# case, just kick off a 'runtests' build
            'schedulers': [],
            'builders': []
        # <====================================
        # Add slave configuration to master
        target = test_gkp.MyTarget()
        c['change_source'] += [target.change_source]
        c['schedulers'] += [target.scheduler, target.force_scheduler]
        c['builders'] += [target.builder]
        # <====================================
        ####### BUILDSLAVES
        # The 'slaves' list defines the set of recognized buildslaves. Each element is
        # a BuildSlave object, specifying a unique slave name and password.  The same
        # slave name and password must be configured on the slave.
        slave1 = buildslave.BuildSlave("myslave", "xxxxxx")
        c['slaves'] = [slave1]
        # 'protocols' contains information about protocols which master will use for
        # communicating with slaves.
        # You must define at least 'port' option that slaves could connect to your master
        # with this protocol.
        # 'port' must match the value configured into the buildslaves (with their
        # --master option)
        c['protocols'] = {'pb': {'port': 9989}}
        # including web pages, email senders, and IRC bots.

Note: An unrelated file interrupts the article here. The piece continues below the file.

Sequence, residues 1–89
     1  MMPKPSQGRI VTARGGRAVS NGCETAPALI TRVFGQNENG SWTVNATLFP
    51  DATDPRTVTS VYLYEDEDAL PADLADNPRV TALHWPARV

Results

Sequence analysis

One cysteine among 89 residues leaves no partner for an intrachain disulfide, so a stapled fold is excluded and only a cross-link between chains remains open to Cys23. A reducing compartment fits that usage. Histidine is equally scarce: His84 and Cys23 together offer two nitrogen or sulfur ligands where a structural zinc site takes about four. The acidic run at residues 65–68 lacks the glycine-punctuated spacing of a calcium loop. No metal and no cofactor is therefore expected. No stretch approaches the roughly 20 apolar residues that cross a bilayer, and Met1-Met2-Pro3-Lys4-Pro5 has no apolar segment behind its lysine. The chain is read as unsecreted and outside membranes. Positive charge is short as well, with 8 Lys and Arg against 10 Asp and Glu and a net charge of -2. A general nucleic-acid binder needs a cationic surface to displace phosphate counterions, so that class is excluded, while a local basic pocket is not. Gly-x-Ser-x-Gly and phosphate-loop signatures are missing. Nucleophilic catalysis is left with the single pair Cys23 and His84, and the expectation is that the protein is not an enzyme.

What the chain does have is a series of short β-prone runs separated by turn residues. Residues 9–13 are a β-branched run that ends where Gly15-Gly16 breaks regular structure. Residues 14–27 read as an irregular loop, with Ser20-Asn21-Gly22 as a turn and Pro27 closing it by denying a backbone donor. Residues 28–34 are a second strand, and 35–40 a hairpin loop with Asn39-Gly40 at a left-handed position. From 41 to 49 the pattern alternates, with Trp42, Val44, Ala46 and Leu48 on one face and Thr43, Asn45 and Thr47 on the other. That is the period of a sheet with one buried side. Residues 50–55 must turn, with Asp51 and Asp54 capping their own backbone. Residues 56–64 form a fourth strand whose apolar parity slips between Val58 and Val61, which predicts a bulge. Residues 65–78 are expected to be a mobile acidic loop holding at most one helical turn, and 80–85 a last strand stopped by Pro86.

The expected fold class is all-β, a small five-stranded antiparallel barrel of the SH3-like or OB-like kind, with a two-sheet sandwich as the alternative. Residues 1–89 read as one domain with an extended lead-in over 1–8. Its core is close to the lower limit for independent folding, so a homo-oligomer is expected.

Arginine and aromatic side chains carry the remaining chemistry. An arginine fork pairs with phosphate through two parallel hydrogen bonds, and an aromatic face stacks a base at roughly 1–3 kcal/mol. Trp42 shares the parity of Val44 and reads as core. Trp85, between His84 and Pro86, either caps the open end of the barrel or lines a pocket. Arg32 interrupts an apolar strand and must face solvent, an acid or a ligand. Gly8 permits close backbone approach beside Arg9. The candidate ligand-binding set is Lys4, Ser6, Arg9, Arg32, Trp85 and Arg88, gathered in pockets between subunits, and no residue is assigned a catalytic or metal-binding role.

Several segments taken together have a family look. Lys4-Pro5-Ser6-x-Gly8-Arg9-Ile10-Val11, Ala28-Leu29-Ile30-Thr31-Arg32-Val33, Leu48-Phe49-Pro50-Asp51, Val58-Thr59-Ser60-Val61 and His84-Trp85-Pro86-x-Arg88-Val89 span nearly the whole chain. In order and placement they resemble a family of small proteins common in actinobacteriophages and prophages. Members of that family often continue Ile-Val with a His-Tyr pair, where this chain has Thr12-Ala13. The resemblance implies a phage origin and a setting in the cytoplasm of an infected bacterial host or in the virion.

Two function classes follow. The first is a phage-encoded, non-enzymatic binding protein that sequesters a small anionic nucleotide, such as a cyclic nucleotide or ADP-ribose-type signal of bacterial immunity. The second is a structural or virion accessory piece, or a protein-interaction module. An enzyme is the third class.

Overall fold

c['status'] = []
        irc_status = status.IRC(
            # change any of these to True to enable; see the manual for more
            # options
            gracefulShutdown = True,
            forceBuild = 'auth', # use this to test your slave once it is set up
            forceAllBuilds = 'auth',  # ..or this
            pingBuilder = False,
            stopBuild = True,
            stopAllBuilds = False,
            cancelPendingBuild = True,
        ####### STATUS TARGETS
        # 'status' is a list of Status Targets. The results of each build will be
        # pushed to these targets. buildbot/status/*.py has a variety to choose from,
        c['status'].append(html.WebStatus(http_port=8010, authz=authz_cfg))
        ####### PROJECT IDENTITY
        # the 'title' string will appear at the top of this buildbot
        # installation's html.WebStatus home page (linked to the
        # 'titleURL') and is embedded in the title of the waterfall HTML page.
        c['title'] = ""
        c['titleURL'] = ""
        # the 'buildbotURL' string should point to the location where the buildbot's
        # internal web server (usually the html.WebStatus page) is visible. This
        # typically uses the port number set in the Waterfall 'status' entry, but
        # with an externally-visible host name which the buildbot cannot figure out
        # without some help.
        c['buildbotURL'] = "http://localhost:8010/"
        ####### DB URL
        c['db'] = {
            # This specifies what database buildbot uses to store its state.  You can leave
            # this at its default for all but the largest installations.